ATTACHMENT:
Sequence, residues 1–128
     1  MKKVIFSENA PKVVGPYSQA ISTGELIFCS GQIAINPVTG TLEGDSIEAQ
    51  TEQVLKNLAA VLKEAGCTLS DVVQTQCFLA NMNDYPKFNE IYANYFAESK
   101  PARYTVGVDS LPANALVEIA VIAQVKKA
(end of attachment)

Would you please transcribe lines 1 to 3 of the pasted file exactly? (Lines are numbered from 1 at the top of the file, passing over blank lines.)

Sequence, residues 1–128
     1  MKKVIFSENA PKVVGPYSQA ISTGELIFCS GQIAINPVTG TLEGDSIEAQ
    51  TEQVLKNLAA VLKEAGCTLS DVVQTQCFLA NMNDYPKFNE IYANYFAESK